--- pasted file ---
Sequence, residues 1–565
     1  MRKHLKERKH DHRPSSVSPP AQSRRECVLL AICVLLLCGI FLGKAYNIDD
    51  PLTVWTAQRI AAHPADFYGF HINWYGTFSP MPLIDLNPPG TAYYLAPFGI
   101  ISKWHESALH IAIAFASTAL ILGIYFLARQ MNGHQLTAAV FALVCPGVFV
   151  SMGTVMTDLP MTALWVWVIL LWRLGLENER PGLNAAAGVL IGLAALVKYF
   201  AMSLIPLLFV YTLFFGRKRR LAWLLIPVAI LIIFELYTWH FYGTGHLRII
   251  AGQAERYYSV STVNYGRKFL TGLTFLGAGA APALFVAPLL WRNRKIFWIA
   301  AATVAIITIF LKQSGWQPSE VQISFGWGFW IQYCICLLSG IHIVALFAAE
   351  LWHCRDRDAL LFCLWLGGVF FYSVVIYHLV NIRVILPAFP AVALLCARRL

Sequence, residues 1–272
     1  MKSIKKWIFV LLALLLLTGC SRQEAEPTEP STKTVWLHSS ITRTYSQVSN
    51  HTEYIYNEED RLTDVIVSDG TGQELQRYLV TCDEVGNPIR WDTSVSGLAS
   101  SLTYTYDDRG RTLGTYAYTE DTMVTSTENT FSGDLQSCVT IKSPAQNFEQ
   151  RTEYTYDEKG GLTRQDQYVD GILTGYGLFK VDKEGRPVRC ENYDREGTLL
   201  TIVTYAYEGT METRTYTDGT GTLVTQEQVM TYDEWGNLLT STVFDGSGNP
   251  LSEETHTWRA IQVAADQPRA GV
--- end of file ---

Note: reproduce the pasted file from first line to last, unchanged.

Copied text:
Sequence, residues 1–565
     1  MRKHLKERKH DHRPSSVSPP AQSRRECVLL AICVLLLCGI FLGKAYNIDD
    51  PLTVWTAQRI AAHPADFYGF HINWYGTFSP MPLIDLNPPG TAYYLAPFGI
   101  ISKWHESALH IAIAFASTAL ILGIYFLARQ MNGHQLTAAV FALVCPGVFV
   151  SMGTVMTDLP MTALWVWVIL LWRLGLENER PGLNAAAGVL IGLAALVKYF
   201  AMSLIPLLFV YTLFFGRKRR LAWLLIPVAI LIIFELYTWH FYGTGHLRII
   251  AGQAERYYSV STVNYGRKFL TGLTFLGAGA APALFVAPLL WRNRKIFWIA
   301  AATVAIITIF LKQSGWQPSE VQISFGWGFW IQYCICLLSG IHIVALFAAE
   351  LWHCRDRDAL LFCLWLGGVF FYSVVIYHLV NIRVILPAFP AVALLCARRL

Sequence, residues 1–272
     1  MKSIKKWIFV LLALLLLTGC SRQEAEPTEP STKTVWLHSS ITRTYSQVSN
    51  HTEYIYNEED RLTDVIVSDG TGQELQRYLV TCDEVGNPIR WDTSVSGLAS
   101  SLTYTYDDRG RTLGTYAYTE DTMVTSTENT FSGDLQSCVT IKSPAQNFEQ
   151  RTEYTYDEKG GLTRQDQYVD GILTGYGLFK VDKEGRPVRC ENYDREGTLL
   201  TIVTYAYEGT METRTYTDGT GTLVTQEQVM TYDEWGNLLT STVFDGSGNP
   251  LSEETHTWRA IQVAADQPRA GV